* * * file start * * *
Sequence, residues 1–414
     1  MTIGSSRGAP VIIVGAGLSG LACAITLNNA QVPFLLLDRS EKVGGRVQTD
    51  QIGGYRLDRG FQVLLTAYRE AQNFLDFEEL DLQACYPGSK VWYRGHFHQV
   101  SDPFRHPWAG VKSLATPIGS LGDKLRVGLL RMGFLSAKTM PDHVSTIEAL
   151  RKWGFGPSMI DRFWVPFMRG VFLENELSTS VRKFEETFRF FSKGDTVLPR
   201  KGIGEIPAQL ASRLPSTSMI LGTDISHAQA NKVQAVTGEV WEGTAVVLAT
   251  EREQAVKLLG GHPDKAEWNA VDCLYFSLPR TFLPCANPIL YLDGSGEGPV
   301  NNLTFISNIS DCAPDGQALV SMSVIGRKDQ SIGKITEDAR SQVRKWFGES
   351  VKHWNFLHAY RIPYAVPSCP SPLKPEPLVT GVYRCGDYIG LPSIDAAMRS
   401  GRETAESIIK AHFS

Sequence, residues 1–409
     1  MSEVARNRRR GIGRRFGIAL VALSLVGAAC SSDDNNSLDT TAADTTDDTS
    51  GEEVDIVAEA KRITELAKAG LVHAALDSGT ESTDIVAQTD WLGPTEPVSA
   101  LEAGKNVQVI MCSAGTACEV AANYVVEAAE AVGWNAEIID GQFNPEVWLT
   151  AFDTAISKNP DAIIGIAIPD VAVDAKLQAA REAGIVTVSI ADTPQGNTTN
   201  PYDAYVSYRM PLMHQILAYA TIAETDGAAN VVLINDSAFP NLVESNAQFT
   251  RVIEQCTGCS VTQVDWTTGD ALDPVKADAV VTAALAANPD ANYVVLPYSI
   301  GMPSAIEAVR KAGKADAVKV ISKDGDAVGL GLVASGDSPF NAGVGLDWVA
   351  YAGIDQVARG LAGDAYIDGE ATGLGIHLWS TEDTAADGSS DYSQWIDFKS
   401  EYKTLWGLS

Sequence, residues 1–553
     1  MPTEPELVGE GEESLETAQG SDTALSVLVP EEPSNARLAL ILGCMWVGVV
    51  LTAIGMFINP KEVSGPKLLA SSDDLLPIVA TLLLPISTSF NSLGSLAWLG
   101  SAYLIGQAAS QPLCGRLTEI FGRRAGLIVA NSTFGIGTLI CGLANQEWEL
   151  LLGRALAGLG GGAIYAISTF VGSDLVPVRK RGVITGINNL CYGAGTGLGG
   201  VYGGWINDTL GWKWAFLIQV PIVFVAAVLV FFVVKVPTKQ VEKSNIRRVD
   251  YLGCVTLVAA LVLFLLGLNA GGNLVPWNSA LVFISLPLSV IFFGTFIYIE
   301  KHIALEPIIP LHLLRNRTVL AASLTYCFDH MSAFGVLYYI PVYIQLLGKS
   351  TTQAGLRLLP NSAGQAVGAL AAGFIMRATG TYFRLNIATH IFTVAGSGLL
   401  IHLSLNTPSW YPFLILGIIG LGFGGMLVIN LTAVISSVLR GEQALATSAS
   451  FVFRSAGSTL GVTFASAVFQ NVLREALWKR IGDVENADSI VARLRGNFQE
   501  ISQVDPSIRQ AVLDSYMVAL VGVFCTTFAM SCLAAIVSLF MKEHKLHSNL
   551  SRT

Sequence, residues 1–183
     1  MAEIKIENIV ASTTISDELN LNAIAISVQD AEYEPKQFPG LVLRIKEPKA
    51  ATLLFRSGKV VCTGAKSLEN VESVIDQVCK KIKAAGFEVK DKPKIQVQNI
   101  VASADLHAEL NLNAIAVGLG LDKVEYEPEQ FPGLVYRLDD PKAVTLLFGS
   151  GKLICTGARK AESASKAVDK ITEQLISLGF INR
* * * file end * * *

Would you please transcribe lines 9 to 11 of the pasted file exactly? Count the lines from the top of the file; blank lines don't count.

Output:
   351  VKHWNFLHAY RIPYAVPSCP SPLKPEPLVT GVYRCGDYIG LPSIDAAMRS
   401  GRETAESIIK AHFS

Sequence, residues 1–409